Identifying Hidden Project Stakeholders by Connecting the Relationships

When beginning work on a project – whether joining an existing effort or helping to plan the kick-off – the competent BA looks around at the players to identify the Stakeholders in this initiative and what they care about.  After all, they’re the ones that will have to live with the outcome.  The obvious Stakeholders are the Business Area Sponsor who will make decisions and holds the purse-strings, the IT Division Heads who will provide the resources, the Operations Managers whose staff will implement the resulting changes.  But how do you figure out the ripple of impacts to others whose role is not so obvious?

Faced with the unknown parameters of your project’s “Business Domain” you might check the Organization Chart, but you’re not sure who to dub with the Stakeholder title.  Annual Objectives Statements provide some clue to motivators, but not really an understanding of organizational alliances and conflicts.  What’s needed is something that reveals more than reporting hierarchy and goals.

Identifying all the right stakeholders

Enterprise Analysis has provided the answer for me.   By this I mean building Domain Models – simple relational diagrams, focused on understanding  the ways in which elements of the business connect to each other, What and Why rather than How. I’ve used Domain Models to ferret out missing Stakeholders in a number of ways:

  • A new spin on the organizational hierarchy– we expanded the org chart to visualize the invisible organizational lines and informal matrix reporting structures.
  • A process decomposition – we grouped activities into their common process objectives to determine contradictions to the organizational structure.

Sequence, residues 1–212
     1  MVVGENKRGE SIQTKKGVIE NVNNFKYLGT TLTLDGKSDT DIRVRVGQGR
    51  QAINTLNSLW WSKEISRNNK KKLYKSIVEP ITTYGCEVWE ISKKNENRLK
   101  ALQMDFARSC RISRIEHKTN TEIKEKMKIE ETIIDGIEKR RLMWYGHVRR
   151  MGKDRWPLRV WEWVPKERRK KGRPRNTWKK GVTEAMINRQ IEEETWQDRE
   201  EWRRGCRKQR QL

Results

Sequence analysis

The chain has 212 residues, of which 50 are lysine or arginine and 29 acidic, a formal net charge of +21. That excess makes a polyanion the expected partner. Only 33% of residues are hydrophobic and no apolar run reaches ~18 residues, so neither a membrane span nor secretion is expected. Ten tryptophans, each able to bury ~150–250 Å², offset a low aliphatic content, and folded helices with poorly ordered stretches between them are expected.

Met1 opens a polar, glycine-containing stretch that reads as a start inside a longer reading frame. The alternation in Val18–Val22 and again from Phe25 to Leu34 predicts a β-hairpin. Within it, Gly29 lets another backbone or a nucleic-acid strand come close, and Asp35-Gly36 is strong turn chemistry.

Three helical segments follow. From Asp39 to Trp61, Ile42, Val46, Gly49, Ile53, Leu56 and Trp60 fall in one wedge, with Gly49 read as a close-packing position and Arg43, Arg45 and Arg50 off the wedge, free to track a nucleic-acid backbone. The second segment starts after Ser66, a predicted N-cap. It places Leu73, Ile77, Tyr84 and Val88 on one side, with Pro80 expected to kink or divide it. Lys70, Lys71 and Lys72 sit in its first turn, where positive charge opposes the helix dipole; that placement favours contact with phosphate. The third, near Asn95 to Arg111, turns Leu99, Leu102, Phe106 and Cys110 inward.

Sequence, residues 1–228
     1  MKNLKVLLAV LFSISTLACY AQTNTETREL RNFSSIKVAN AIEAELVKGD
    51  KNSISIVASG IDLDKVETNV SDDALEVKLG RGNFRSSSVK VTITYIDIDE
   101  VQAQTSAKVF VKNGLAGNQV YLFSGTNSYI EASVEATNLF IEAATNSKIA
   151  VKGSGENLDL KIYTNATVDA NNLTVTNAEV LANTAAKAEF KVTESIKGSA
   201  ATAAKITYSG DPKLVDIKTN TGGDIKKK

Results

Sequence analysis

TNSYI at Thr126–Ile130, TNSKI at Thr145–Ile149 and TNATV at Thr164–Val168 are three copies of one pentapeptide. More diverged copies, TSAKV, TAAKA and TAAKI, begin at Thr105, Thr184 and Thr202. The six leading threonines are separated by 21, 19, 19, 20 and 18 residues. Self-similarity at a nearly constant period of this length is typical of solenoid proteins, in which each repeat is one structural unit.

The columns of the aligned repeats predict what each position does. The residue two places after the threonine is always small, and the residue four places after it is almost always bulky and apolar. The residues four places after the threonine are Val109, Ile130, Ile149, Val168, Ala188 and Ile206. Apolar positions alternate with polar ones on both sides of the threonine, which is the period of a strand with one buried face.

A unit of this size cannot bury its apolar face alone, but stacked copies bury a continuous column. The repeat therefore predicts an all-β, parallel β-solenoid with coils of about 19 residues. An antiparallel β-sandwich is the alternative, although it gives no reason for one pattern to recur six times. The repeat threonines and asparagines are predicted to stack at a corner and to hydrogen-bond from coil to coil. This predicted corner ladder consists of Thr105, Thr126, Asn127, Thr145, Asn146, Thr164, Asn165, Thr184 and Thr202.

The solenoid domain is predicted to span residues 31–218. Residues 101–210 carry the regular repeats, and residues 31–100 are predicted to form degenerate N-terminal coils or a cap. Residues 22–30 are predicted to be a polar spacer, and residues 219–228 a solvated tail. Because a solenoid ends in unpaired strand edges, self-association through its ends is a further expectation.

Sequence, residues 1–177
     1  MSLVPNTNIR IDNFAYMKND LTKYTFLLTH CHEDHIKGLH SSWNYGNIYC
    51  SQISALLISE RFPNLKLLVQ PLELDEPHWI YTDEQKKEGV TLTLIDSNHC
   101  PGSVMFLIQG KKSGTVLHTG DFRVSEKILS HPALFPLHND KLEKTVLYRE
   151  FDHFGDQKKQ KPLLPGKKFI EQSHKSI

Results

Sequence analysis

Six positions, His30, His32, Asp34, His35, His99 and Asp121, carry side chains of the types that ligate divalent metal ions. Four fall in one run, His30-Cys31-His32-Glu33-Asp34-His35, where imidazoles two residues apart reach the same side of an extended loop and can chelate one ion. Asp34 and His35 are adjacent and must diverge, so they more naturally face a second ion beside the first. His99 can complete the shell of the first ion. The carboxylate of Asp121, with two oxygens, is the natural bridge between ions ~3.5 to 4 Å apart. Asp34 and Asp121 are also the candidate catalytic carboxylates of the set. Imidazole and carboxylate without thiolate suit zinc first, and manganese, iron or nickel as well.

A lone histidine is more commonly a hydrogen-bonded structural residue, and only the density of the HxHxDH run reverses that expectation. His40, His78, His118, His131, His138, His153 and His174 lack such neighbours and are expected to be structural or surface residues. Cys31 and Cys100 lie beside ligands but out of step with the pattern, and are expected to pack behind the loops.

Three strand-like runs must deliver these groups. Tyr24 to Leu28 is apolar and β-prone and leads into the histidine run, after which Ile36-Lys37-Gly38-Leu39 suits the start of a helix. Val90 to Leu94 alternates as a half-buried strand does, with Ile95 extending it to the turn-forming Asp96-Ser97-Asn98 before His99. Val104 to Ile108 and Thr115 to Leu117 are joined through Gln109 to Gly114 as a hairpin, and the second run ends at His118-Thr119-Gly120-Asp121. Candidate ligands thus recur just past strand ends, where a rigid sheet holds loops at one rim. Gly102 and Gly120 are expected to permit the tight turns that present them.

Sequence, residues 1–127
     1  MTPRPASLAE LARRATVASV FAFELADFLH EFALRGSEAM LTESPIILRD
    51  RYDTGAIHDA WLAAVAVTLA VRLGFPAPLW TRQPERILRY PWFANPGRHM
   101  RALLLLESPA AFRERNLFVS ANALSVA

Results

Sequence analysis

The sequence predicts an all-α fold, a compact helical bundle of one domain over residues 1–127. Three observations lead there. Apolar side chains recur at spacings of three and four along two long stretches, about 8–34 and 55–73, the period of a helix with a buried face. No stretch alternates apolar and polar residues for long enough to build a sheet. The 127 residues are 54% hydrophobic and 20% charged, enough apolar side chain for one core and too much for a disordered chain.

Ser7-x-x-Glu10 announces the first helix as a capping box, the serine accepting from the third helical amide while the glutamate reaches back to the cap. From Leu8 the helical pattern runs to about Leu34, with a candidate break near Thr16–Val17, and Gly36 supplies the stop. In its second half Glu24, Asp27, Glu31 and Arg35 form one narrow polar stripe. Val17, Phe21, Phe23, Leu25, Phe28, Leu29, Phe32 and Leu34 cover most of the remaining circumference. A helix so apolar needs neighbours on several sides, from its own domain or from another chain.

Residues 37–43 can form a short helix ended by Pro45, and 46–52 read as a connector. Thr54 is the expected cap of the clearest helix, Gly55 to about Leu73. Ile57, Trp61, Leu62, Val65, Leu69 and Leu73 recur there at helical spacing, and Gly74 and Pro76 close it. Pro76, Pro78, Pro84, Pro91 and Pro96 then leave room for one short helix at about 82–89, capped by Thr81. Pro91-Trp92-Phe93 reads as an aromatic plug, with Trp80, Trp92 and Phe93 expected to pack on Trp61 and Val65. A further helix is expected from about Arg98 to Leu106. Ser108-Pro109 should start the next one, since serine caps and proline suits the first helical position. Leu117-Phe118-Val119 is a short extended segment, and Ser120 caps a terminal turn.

• A goal decomposition– we categorized the hierarchy of business objectives and metrics that the organization used to measure success,  how they align with the project goals, and who was accountable.
  • A context diagram – we created a wheel of Stakeholders with the new system as the central hub, labeling directional lines to indicate sources and destinations of different information, treating the system as a black box so as not to get tangled in functionality discussions.
  • A stakeholder relationships diagram – we brainstormed stakeholders, labeling directional lines with the expectations key players have of each other, and then filtered out the irrelevant by removing those not impacted by project deliverables.
  • A process interaction diagram – this time instead of Stakeholders we took the core processes (top level of a process decomposition) and looked at how they feed each other to determine if there were other impacts to consider.
  • A business interaction diagram – we took the stakeholder relationships diagram one step further by slotting the roles and organizations into categories of supplier, customer, competitor, and process participants, allowing us to pinpoint resource inter-dependencies and competing interests that could cause issues for the project if not dealt with.
  • A business object model – we identified the components and types of products included in the project scope to study the context of information needs.

The Business Areas that are your sources of domain information may give you some resistance initially, but going through this process of discovering relationships can be cathartic for your business counterparts, increasing their awareness of throughputs and influencing factors.  Documenting this sort of information helps the business areas to visualize what’s really going on, and organize a change plan where needed.

Anticipating the positive impact new stakeholders will have on your projects

To put the results in a project context consider these examples from my project history book where the representation expanded to include new stakeholder perspectives:

  • Added key internal Customers and every IT department impacted by a planned Help Desk application with automated ticket routing & tracking.
  • Included Underwriters that would be trying to sell the Managed Care partnership being evaluated by the Claims group.
  • Added Facilities Management to a planned implementation of a Claim handling workflow and imaging system that had huge impacts on the mailroom, the de facto scanning center.
  • Brought Data Warehouse participation into systems design sessions that were repeatedly identifying the warehouse as the best solution option for managing financial, regulatory and customer reporting.
  • Internal Audit was added to a migration project and wound up taking responsibility for the process QA due to the complexity of properly mapping financial transactions to Insurance, SEC, Actuarial rules.